17 Luke 4:5-7, I have never found alternative explanations of this passage to be convincing
18 1 Cor. 15:24
19I list these not as models to be replicated, but as examples, though there are certainly timeless principles being reflected here that should be embodied by the Church at all times The Apostolic Tradition was written by Hippolytus, who separated himself from the established church in Rome as it became, in his opinion, too lax towards its’ members. Thus, the practices he cites are probably closer to the earliest church’s methods; schism is a topic I will address below.
20 Hippolytus of Rome, Apostolic Tradition in Readings in World Christian History, Volume I. pp. 17-20. John W. Coakley and Andrea Sterk. Orbis Books. Maryknoll, New York. 2004
21 Didache in Readings in World Christian History, Volume I. pp. 20
22 Fairbairn, Donald. (2014). The Novation Schism in Rome [flash video file]. Retrieved from personal lecture notes. https://sakai.gcts.edu/portal/
23 Fairbairn, Donald. (2014). The Donatist Schism in North Africa [flash video file]. Retrieved from personal lecture notes. https://sakai.gcts.edu/ portal/
24 Wilken, Robert Louis, The First Thousand Years: A global history of Christianity. pp 67. New Haven: Yale University Press. Early church father Origen was killed on the rack during the Decian persecutions, as well as Bishops Fabian, Alexander, and Dionysius. The persecution was short, but it was devastating.
25 ibid. 68
26 ibid. 77
27 Wilken, 71
28 Cyprian of Carthage, Letter 55, in Reading in World Christian History, Vol. I. John W. Coakley and Andrea Sterk. 2004. New York: Orbis Books.
29 Fairbairn, The Novation Schism
30 Wilken, 74

The Church: Pt. 1

This is an essay I wrote for a scholarship application recently on the subject of “The Church”. It specifically comes at things with the Mennonite tradition in-mind, but nothing in it is something I would not say to Christians from other traditions. I explore what the Church is, what  makes “the Church” different from other social institutions; and not just “a church”, but “the Church”. I talk about how the Church should conduct itself, in the world. I also delve into a controversy in church history that we can remember and learn lessons to apply in the American church specifically. I’ll split the essay into three chunks, and this first one mainly focuses on the question “What is the Church?” and “the unity of the Church”.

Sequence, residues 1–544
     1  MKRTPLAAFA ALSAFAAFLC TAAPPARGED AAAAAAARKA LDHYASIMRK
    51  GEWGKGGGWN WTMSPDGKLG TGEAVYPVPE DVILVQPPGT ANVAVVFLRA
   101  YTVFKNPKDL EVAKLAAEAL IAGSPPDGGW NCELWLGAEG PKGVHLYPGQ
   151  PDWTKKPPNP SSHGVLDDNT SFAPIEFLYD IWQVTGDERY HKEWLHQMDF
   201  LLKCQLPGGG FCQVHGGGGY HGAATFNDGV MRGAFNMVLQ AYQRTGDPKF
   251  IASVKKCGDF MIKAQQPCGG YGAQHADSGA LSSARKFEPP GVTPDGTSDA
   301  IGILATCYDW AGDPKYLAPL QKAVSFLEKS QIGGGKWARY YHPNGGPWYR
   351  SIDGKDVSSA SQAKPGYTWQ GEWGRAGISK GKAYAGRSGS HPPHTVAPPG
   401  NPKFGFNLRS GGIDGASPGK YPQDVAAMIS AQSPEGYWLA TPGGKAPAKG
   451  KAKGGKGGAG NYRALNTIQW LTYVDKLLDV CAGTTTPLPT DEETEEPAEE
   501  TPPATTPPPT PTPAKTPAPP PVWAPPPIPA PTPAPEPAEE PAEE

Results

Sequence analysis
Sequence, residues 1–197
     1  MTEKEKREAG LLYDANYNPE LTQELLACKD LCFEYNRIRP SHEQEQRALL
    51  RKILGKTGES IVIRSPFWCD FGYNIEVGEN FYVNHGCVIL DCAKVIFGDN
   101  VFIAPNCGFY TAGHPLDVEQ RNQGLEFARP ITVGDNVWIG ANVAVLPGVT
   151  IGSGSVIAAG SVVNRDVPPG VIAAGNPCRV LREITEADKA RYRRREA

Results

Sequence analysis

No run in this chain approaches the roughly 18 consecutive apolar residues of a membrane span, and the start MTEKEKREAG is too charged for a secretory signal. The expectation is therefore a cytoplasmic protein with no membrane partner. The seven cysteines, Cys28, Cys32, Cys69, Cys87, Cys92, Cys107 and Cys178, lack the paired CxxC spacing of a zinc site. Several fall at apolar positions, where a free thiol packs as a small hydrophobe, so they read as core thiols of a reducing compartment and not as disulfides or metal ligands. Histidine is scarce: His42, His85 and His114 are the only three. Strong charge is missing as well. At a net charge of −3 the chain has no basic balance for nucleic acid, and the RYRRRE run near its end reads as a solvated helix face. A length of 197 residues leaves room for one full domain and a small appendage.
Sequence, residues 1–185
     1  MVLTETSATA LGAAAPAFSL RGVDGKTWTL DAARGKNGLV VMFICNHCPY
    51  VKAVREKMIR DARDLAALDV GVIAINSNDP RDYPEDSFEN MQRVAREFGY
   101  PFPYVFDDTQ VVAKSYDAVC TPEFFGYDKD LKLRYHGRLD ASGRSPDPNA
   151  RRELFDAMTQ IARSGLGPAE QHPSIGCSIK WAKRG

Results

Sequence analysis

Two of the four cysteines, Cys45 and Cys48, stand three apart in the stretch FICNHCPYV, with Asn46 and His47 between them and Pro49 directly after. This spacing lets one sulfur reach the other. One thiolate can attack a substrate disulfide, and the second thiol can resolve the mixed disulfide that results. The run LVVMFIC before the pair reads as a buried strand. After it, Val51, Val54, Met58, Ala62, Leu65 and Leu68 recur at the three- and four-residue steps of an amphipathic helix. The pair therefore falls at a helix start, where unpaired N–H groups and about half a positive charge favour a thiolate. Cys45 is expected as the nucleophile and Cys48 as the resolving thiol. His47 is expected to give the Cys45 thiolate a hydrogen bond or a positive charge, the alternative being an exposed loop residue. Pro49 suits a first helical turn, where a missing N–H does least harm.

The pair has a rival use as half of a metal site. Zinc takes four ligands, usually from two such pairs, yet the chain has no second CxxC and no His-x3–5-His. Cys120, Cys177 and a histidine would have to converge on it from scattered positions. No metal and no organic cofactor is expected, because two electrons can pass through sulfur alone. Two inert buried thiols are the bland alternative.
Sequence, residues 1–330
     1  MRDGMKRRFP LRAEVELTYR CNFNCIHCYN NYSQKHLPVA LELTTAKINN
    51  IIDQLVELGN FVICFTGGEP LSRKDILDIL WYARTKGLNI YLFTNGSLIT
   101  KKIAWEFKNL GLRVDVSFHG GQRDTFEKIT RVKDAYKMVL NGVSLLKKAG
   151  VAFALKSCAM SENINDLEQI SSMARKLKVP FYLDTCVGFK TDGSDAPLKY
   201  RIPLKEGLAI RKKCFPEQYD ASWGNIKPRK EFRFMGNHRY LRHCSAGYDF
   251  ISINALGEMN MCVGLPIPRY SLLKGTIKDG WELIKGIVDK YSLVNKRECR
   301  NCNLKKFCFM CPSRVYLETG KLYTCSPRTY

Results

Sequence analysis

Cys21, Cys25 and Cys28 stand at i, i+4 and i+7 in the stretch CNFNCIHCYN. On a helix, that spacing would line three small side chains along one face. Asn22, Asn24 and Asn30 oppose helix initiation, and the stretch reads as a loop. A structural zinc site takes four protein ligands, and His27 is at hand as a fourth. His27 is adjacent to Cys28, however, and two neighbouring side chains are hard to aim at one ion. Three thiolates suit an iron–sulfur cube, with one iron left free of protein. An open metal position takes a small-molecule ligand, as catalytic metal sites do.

This is a great mystery, but I am speaking of Christ and the Church” 

Writing about the Church simultaneously awakens a heavy heart and a burning love within me. I am, after all, writing about a whole of which I am a part. My current mission and later destiny are wrapped-up with what Ephesians says is “his body, the fullness of him who fills all in all”. This essay comes on the heels of major shifts in my understanding of the Church, shifts which are still in progress. In this essay I will not be writing about those shifts, but will use biblical exegesis, theology, and case studies in church history to sketch my current understanding of “The Church”, and apply that understanding to pressing issues for the church today, including issues unique to the Mennonite church in the present. The reason why I will start with an in-depth theological and historical discussion is that my own experience, or even the experiences of the entire modern church, are not sufficient guides. It is a frequent and serious illness amidst my generation, one which I have struggled with, to have a narrow perspective on history, never really taking a look at things that have happened with the mantra “Be Present”, yet simultaneously we have grandiose and often narcissistic aspirations of our individual impact on it. At bottom though, our ability to leave a redemptive impact on history depends on how seriously we take a man who lived over 2000 years ago.

Christ's body is carried to its tomb. Click image for source
Christ’s body is carried to its tomb. Click image for source

A timeless topic for the Church is its’ identity. By “identity” I do not mean what does the church do which sets it apart from other institutions, already assuming that the church fits into a category of social science. The New Testament term for “church” is a religious takeover of the original Greek word defined as “a gathering of citizens called out from their homes into some public place, an assembly”, but this is not what I am searching for either. By “identity” I mean the common characteristic which binds the widely varying expressions and features of what we have called “the Church” across millennia and continents. What is the church?